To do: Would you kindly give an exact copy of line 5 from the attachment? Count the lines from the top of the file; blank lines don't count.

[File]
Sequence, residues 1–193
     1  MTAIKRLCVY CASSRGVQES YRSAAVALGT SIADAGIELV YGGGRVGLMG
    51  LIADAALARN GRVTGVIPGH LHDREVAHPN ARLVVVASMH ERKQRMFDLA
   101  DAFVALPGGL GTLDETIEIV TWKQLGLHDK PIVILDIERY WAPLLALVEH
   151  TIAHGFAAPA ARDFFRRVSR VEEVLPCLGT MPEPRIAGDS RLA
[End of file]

   151  TIAHGFAAPA ARDFFRRVSR VEEVLPCLGT MPEPRIAGDS RLA